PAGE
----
Friday, November 23, 2007

Talking with the animals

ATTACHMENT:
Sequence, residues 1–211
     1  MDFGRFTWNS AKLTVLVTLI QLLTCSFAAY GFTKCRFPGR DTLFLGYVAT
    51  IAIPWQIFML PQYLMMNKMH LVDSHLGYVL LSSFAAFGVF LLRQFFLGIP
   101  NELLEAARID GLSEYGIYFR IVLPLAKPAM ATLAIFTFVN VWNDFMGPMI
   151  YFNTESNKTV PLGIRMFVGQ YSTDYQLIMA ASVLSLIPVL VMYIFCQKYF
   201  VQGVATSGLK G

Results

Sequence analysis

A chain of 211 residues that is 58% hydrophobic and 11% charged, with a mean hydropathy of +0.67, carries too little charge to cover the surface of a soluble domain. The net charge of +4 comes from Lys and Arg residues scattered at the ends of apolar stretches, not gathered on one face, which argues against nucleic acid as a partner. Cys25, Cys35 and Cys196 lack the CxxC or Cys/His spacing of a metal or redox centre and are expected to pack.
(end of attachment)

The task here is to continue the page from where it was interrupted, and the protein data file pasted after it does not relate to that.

Last night you wanted me to talk with the cow. He’s been your favorite lately and I don’t have any idea why. Except perhaps that he’s a hand puppet and I can make his mouth move so it appears it’s him who’s speaking and not me. It has become something of a ritual, this talking with your animals before you go to sleep. I started picking up different stuffed animals lying in your bed and speaking through them as a way of letting you tell me things you might not have said otherwise, perhaps it was a little sneaky on my part, well, not a little sneaky it was downright sneaky, and now it has become part of our routine. You grab one after story time and thrust it toward me and command me to “talk to him Papa!” You are such a mystery to me. But how can that be? How can you, who have been with me almost every day since your birth, except for those awful stretches of time when I had to be away for work, be so mysterious? There was a time when you were very small, when I prided myself in thinking I understood everything about you – even though you were unable to speak a word. I would sit with you and intuitively know when you were tired or hungry or cold or too warm and I would bundle or unbundled you or offer you something to eat or change your diaper. And now, now that you can actually make yourself understood, you are more and more difficult to decipher. Maybe I read too much into things – I do that with a great many of the events and experiences in my life. I look for reasons and causes and deep meaning in things that are often just what they appear to be. At night when you lie there with “baby” tucked up very close to your chin and you watch and listen to me interacting with a stuffed animal, you have this non-committal look on your face. Neither a smile nor a frown, just your lips held together and your tongue working back and forth in your mouth in that sucking action to do when you are very tired and about to go out for the night. Sometimes, when I’ve put the stuffed animal down and kissed you goodnight for the third or fourth or fourteenth time, you will say, “talk to me now Papa.” And so I do, I ask you what you would like to talk about or what subject you would like to discuss and your reply is often the same, “ I don’t know – just talk.” And all along I thought I was talking to you, that this little exercise was a way of saying things that were maybe a little sensitive or scary, like when we had the fire in the apartment next door and we all had to go outside early that morning and wait while the firemen put out the fire and gave the “all clear.” I think that’s when the whole thing started – the talking with the animals. I knew the fire had upset you a little but I didn’t know how much and so I used the animal as a way of explaining it, I let the animal express his concern, and mine. But what I didn’t realize was that you didn’t consider this conversation with Papa, and you clearly don’t. Sometimes I will turn the animals toward you and they will ask a question. Sometimes you answer and sometimes you just roll your head to the side and ignore them. And later, when you ask me to talk to you and I do, you are similarly disengaged, not all the time, but much of the time. Of course all of this is taking place in the moments before you sleep, you’re neither fully awake nor asleep but in some middle ground between the two. But I want so much to understand you and I want so much that you will feel free to tell me what’s on your mind. I want to hear all about your day, your playtime at kindergarten, your dreams and hopes and fears. I didn’t have conversations like these when I was a little boy and it was something I missed all my life. I know I’m trying to compensate for that sense of loss or emptiness with you. I’m aware of that but it doesn’t lessen the imperative I feel to open the channels, to provide you with every possible opportunity to express yourself. And so I talk to your animals and to you, and I hope it helps in some small way to connect the two of us and in so doing give you the firm and certain knowledge that I am listening as well as talking. It is the listening that is important and one day I hope you pick up one of the animals and talk to me.